I Can’t Stop Making This Vegetable Dumpling Soup (And It’s Vegan!)
Tanya Holland is the queen of West Coast soul food and a genius cook. Her latest cookbook celebrates the rich past and present of Black foodways in the West—and dishes up super satisfying soul food recipes.
Have you ever made a dish that feels like life itself? That fills the kitchen with the aromas of simmering vegetables and the promise of wintery comfort? That puts you in a meditative state as you chop, stir, knead, simmer, and taste? That fills your body and soul with warmth and nourishment and makes you glad to be alive? Tanya Holland’s vegetable and winter dumpling soup is one such dish. And it’s vegan. We can thank chef Holland for this gift, and for all the gifts of her new cookbook California Soul: Recipes from a Culinary Journey West.
Simply put, chef Tanya Holland is the queen of West coast soul food. The accolades and honorifics are many: Michelin Bib Gourmands, frequent topper of top restaurant lists, fierce Top Chef competitor, host of the Food Network series the Melting Pot. Honorifics aside, Holland has been a consistent deliverer of deliciousness at all of her Bay Area restaurants, from the multiple iterations Brown Sugar Kitchen in Oakland and San Francisco to Town Fare at the Oakland museum. While she was busy evolving this mini restaurant empire, she also was honing her skills as an educator and entertainer. Her first book New Soul Cooking, penned when she was chef at Berkeley’s now shuttered Le Theatre, laid out a formula of forward-looking, lighter soul food some two decades before it became a nationwide trend. She went on to write yet another book, and hosted the podcast Tanya’s Table, on which she interviewed the celebrities that frequented her spots.
Like many casualties of the pandemic and the economy, the Brown Sugar restaurants are sadly closed, but like a gift, a new book that builds upon her influential oeuvre has arrived—and it’s a beauty. California Soul: Recipes from a Culinary Journey West is a synthesis of all the thoughtful cooking, personal and cultural backstory, heartfelt hospitality, and damn fine cooking Holland is known for. We learn not only about Holland’s move to Oakland, where she found a city and culture more welcoming to an ambitious Black female chef than anywhere she’d been back east but also the broader context of Black foodways that preceded her.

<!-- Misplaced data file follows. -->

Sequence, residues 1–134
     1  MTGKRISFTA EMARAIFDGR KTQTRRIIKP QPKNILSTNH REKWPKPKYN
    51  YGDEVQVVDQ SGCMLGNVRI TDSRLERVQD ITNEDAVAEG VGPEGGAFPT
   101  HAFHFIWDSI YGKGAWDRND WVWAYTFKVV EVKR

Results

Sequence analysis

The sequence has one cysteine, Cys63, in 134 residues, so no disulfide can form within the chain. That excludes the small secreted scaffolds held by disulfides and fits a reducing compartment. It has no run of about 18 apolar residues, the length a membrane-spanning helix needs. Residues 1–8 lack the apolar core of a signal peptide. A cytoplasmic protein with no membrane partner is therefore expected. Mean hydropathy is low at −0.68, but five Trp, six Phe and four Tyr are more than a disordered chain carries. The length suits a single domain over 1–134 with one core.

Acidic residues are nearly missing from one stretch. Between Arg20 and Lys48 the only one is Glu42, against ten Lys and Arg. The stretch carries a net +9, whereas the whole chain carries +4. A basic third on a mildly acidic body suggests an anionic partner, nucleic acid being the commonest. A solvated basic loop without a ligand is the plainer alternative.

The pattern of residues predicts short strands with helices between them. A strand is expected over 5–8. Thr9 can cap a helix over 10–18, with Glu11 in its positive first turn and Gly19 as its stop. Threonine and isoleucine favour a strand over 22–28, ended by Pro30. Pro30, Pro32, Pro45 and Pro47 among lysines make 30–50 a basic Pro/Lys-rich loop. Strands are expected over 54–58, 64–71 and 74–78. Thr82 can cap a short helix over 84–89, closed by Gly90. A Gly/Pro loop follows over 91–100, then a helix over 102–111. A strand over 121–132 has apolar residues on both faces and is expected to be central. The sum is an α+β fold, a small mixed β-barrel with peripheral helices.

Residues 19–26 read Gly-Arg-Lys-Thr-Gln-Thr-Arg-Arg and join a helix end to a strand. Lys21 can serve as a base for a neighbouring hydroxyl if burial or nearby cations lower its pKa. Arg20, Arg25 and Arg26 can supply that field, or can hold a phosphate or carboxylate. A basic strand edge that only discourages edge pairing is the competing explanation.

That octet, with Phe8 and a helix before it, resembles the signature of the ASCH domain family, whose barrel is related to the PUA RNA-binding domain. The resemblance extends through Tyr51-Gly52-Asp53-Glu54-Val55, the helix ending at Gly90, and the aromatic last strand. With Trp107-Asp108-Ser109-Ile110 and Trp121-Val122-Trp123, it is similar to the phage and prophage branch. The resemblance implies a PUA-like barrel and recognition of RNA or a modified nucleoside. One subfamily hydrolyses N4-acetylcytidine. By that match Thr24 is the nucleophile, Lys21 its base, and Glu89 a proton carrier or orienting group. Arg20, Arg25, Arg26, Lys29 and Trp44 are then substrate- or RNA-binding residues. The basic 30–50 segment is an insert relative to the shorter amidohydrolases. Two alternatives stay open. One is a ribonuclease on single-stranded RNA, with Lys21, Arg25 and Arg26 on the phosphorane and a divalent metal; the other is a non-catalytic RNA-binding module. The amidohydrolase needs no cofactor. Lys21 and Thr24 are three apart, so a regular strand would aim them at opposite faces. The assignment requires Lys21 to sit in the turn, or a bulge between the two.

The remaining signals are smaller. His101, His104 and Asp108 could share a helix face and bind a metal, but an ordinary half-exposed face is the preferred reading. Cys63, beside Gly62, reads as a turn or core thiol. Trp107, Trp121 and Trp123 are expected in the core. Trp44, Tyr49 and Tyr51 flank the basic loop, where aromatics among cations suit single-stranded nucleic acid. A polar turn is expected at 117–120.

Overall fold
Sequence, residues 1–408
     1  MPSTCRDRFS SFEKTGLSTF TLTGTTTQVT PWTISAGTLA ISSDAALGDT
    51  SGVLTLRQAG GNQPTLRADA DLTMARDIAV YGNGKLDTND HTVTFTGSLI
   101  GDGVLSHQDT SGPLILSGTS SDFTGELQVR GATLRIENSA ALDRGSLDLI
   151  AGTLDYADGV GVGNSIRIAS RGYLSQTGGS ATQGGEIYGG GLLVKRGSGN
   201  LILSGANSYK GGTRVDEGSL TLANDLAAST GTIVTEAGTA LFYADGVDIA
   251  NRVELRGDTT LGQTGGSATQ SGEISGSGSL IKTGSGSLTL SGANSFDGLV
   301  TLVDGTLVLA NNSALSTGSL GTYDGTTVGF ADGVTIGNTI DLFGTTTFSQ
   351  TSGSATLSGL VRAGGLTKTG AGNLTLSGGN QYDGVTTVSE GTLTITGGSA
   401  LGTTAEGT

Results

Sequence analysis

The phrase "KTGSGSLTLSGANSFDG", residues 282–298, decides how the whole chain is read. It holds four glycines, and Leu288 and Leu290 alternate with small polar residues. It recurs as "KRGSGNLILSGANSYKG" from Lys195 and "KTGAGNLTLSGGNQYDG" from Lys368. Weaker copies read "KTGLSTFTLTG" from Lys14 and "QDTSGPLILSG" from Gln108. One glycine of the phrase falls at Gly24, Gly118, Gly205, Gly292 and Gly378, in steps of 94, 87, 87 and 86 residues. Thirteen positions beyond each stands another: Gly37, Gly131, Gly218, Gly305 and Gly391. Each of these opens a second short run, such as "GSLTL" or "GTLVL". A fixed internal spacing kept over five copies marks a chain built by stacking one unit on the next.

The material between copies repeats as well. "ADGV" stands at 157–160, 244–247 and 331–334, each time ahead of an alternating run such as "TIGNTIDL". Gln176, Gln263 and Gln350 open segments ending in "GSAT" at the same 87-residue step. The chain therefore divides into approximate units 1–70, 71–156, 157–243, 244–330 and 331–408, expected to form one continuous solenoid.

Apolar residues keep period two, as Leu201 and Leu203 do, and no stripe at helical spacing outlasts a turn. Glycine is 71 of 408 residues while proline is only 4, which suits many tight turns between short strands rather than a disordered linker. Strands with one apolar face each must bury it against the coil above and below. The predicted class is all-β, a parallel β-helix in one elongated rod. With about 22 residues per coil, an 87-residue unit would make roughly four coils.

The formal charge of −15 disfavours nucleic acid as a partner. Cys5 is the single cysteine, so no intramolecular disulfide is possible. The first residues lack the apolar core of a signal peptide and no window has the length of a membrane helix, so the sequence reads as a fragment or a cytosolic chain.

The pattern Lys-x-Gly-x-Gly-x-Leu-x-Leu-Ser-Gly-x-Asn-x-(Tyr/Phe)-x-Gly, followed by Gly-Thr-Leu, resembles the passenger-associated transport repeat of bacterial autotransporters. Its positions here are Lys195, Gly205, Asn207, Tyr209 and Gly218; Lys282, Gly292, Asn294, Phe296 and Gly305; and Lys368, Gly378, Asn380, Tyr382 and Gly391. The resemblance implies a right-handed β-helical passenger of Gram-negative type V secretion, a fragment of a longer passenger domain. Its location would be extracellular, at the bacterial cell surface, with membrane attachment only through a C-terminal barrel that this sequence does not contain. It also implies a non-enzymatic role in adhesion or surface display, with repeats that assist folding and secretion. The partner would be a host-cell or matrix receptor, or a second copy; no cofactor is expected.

You will find California-ready versions of soul food, such as black-eyed pea dip (spiked with smoked paprika and fresh thyme) and po’ boys (made with fried artichokes) as well as profiles of Black farmers, winemakers, and food businesses, along with “historical detours” that chronicle Black culinary history in the West—which make the volume as much a photojournalistic record as a cookbook.
While I’d long been an admirer of Holland’s career arc, it wasn’t until a chilly winter night in Oakland a few years ago that I had the honor of eating at Brown Sugar Kitchen and getting a taste of Holland’s special touch. Sure enough she was there. I asked her what a hungry and cold diner should order, and without hesitation she told me to get the oxtails and collard greens and a glass of red wine and, of course, she was right. In this excerpt from the book we’re happy to share with you a recipe that delivers all that comfort first hand.
Vegan Winter Greens Stew with Herb Dumplings
“This vegan play on chicken and dumplings is perfect for a wintry meal,” explains Tanya Holland. “The body of the stew is hearty, with bold round flavors and a slight kick from the mustard and lemon. The aromatic, airy herb dumplings are ideal for soaking up the delicious broth. It’s like a comforting bowl of braised greens with extra veggies and dumplings to make it a meal.”